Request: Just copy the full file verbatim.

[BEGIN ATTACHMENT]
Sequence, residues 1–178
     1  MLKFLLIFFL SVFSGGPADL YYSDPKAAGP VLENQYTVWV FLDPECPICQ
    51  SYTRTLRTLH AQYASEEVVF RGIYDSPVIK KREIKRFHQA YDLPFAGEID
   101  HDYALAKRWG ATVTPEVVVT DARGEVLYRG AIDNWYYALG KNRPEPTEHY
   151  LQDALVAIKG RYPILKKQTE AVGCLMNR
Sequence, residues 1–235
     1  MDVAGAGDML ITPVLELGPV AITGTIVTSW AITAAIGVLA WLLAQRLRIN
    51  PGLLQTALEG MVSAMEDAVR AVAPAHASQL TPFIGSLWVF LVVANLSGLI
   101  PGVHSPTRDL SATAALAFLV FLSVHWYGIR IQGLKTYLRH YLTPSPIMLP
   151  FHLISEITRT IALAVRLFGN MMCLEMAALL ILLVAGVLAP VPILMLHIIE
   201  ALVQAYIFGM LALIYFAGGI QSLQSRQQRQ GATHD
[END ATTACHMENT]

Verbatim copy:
Sequence, residues 1–178
     1  MLKFLLIFFL SVFSGGPADL YYSDPKAAGP VLENQYTVWV FLDPECPICQ
    51  SYTRTLRTLH AQYASEEVVF RGIYDSPVIK KREIKRFHQA YDLPFAGEID
   101  HDYALAKRWG ATVTPEVVVT DARGEVLYRG AIDNWYYALG KNRPEPTEHY
   151  LQDALVAIKG RYPILKKQTE AVGCLMNR
Sequence, residues 1–235
     1  MDVAGAGDML ITPVLELGPV AITGTIVTSW AITAAIGVLA WLLAQRLRIN
    51  PGLLQTALEG MVSAMEDAVR AVAPAHASQL TPFIGSLWVF LVVANLSGLI
   101  PGVHSPTRDL SATAALAFLV FLSVHWYGIR IQGLKTYLRH YLTPSPIMLP
   151  FHLISEITRT IALAVRLFGN MMCLEMAALL ILLVAGVLAP VPILMLHIIE
   201  ALVQAYIFGM LALIYFAGGI QSLQSRQQRQ GATHD